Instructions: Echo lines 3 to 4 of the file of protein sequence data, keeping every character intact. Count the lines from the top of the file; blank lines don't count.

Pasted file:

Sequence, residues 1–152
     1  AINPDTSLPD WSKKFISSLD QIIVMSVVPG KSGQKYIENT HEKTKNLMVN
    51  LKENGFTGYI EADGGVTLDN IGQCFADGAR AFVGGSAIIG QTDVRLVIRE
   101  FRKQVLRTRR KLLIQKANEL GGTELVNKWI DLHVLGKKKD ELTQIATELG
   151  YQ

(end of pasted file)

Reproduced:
    51  LKENGFTGYI EADGGVTLDN IGQCFADGAR AFVGGSAIIG QTDVRLVIRE
   101  FRKQVLRTRR KLLIQKANEL GGTELVNKWI DLHVLGKKKD ELTQIATELG